Exploring the Spatial Density of Strategy Models in a Realistic Distributed Interactive Application
Marshall, D and Delaney, Declan and McLoone, Seamus and Ward, Tomas (2004) Exploring the Spatial Density of Strategy Models in a Realistic Distributed Interactive Application. In: 8th IEEE International Symposium on Distributed Simulation and Real Time Applications, October 2004, Budapest, Hungary.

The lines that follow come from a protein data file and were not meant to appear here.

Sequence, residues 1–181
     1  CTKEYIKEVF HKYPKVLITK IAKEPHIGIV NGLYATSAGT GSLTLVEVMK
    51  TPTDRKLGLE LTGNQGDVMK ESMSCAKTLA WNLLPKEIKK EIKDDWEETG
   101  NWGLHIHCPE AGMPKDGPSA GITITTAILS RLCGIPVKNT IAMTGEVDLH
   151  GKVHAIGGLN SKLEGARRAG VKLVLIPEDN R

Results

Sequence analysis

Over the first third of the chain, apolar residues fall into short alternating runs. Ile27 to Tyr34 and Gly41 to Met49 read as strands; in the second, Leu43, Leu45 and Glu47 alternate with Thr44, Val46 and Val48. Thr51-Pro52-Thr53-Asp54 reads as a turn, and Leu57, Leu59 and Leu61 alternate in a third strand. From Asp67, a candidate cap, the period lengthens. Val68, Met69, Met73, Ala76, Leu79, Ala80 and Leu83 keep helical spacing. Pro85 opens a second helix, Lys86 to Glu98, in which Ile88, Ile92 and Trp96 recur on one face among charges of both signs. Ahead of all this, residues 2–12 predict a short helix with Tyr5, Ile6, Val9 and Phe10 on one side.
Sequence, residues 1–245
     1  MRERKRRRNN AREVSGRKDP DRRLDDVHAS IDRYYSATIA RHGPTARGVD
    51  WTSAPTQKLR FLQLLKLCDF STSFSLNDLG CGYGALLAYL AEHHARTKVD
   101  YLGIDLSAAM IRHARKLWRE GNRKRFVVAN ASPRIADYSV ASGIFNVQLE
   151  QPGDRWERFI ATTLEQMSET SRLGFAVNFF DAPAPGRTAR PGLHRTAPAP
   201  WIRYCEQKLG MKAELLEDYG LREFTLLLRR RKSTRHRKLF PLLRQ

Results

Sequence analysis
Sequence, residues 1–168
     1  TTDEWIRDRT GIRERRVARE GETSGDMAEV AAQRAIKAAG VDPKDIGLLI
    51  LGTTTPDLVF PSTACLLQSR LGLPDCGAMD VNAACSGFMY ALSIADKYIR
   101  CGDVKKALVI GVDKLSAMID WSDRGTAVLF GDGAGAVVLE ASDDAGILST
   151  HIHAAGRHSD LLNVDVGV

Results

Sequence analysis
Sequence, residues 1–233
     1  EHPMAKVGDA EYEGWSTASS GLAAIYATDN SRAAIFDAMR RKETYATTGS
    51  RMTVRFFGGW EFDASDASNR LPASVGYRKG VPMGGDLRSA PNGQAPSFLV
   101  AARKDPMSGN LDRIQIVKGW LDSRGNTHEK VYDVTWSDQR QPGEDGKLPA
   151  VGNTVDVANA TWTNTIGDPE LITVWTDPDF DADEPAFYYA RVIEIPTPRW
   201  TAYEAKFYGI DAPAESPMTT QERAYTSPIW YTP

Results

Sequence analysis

As Distributed Interactive Applications (DIAs) become increasingly more prominent in the video game industry they must scale to accommodate progressively more users and maintain a globally consistent worldview. However, network constraints, such as bandwidth, limit the amount of communication allowed between users. Several methods of reducing network communication packets, while maintaining consistency, exist. These include dead reckoning and the hybrid strategy-based modelling approach. This latter method combines a short-term model such as dead reckoning with a long-term strategy model of user behaviour. By employing the strategy that most closely represents user behaviour, a reduction in the number of network packets that must be transmitted to maintain consistency has been shown. In this paper a novel method for constructing multiple long-term strategies using dead reckoning and polygons is described. Furthermore the algorithms are implemented in an industry-proven game engine known as Torque. A series of experiments are executed to investigate the effects of varying the spatial density of strategy models on the number of packets that need to be transmitted to maintain the global consistency of the DIA. The results show that increasing the spatial density of strategy models allows a higher consistency to be achieved with fewer packets using the hybrid strategy-based model than with pure dead reckoning. In some cases, the hybrid strategy-based model completely replaces dead reckoning as a means of communicating updates.
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